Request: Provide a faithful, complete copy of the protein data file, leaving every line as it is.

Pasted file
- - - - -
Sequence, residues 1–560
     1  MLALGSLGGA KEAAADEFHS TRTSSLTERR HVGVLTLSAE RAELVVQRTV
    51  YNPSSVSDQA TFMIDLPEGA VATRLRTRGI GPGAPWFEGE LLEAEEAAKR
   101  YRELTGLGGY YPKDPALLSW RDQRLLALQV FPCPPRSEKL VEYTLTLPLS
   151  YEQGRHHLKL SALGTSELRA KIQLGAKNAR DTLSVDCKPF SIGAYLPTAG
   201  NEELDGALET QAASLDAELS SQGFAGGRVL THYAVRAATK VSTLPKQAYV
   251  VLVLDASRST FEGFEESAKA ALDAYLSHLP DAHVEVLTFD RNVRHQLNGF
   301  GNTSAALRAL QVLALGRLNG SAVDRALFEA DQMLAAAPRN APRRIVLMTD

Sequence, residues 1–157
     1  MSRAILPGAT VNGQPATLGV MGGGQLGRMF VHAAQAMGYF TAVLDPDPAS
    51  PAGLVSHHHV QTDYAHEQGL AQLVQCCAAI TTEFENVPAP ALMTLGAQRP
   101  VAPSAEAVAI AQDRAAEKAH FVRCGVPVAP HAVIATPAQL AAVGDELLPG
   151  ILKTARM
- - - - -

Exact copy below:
Sequence, residues 1–560
     1  MLALGSLGGA KEAAADEFHS TRTSSLTERR HVGVLTLSAE RAELVVQRTV
    51  YNPSSVSDQA TFMIDLPEGA VATRLRTRGI GPGAPWFEGE LLEAEEAAKR
   101  YRELTGLGGY YPKDPALLSW RDQRLLALQV FPCPPRSEKL VEYTLTLPLS
   151  YEQGRHHLKL SALGTSELRA KIQLGAKNAR DTLSVDCKPF SIGAYLPTAG
   201  NEELDGALET QAASLDAELS SQGFAGGRVL THYAVRAATK VSTLPKQAYV
   251  VLVLDASRST FEGFEESAKA ALDAYLSHLP DAHVEVLTFD RNVRHQLNGF
   301  GNTSAALRAL QVLALGRLNG SAVDRALFEA DQMLAAAPRN APRRIVLMTD

Sequence, residues 1–157
     1  MSRAILPGAT VNGQPATLGV MGGGQLGRMF VHAAQAMGYF TAVLDPDPAS
    51  PAGLVSHHHV QTDYAHEQGL AQLVQCCAAI TTEFENVPAP ALMTLGAQRP
   101  VAPSAEAVAI AQDRAAEKAH FVRCGVPVAP HAVIATPAQL AAVGDELLPG
   151  ILKTARM